Custom OTC derivatives are a gold mine for the major derivative players. The Financial Times reported yesterday Deutsche Bank is being sued by a German end user over excessive fees in an interest rate swap transaction. In the FT article, linked to above, FT reported:
“Deutsche Bank may have acted improperly by not explaining possible conflicts of interest, including the amount it would earn, when entering the deal, a federal court judge in the case said on Tuesday.”
Deutsche Bank’s response:
“ A lawyer for the bank told the court that any judgment requiring banks to disclose margins earned from such business could “open a new door” that might allow a wide range of customer claims against banks over a range of agreements, running into billions of euros and rocking the sector.
Rainer Hall said: “This would shake up the whole market because it would require banks to disclose their profit from a deal. Such a ruling could even cause a second financial crisis”.
A final judgment was unexpectedly postponed until March 22.“
Very interesting. Is this a threat? The bolded statement above is symptomatic on what the financial services industry represents in 2011 and why the 2007-2009 financial collapse was so great and why unemployment is still so high.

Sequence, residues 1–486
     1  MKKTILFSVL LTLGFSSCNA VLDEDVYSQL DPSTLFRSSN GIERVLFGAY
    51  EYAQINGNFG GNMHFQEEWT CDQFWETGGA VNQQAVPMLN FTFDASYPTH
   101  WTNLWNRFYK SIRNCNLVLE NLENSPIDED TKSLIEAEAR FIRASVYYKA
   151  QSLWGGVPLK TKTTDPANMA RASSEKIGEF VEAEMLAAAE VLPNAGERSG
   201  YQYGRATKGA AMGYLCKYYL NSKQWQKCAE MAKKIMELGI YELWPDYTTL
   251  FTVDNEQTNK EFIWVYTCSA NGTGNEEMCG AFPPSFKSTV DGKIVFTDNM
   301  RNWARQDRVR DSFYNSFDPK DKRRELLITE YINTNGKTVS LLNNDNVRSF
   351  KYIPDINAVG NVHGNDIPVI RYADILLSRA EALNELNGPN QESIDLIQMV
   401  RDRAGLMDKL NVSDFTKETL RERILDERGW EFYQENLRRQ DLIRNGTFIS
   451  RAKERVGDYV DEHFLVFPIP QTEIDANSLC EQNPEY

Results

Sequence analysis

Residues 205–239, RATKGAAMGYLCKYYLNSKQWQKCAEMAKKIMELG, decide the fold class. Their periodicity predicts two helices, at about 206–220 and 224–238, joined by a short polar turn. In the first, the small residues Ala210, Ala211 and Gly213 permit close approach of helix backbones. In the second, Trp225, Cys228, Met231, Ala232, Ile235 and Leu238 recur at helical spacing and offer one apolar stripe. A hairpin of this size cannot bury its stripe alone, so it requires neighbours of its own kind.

The financial services industry has evolved over the past two decades to be an industry built on excessive hidden fee income, in 401ks, in pensions, in mutual fund fees, in OTC Derivatives and in excessive debit card fees.
This statement by Deustche Bank’s attorney, that the “financial industry” could collapse if there are precedents in these lawsuits, in favor of investors, is cause for Congress to move rapidly to have critical debate on what is sustainable economic value. What does that represent? Is it time to deal with the house of cards that the financial services industry represents?
Is time to focus on sustainable jobs, effective commercial lending and give up the unhealthy protection of the “hidden” profits of the financial services industry that is weighing down a return to strong, sustainable economic growth for the U.S?
The fix for the U.S. deficit is not to cut the average worker’s social security benefits. Congress must begin to focus on why we are in this mess, why banks aren’t lending, why we have major deficits. It is time for creativity and real reform of the financial services industry.
A cost-effective fix is to move OTC derivatives to regulated exchanges. This would minimize regulatory costs. These “saved” regulatory fees would be used for investing in science and technology education, a much better replacement of “worthless” financial services fee income, that does nothing to build a future for our children.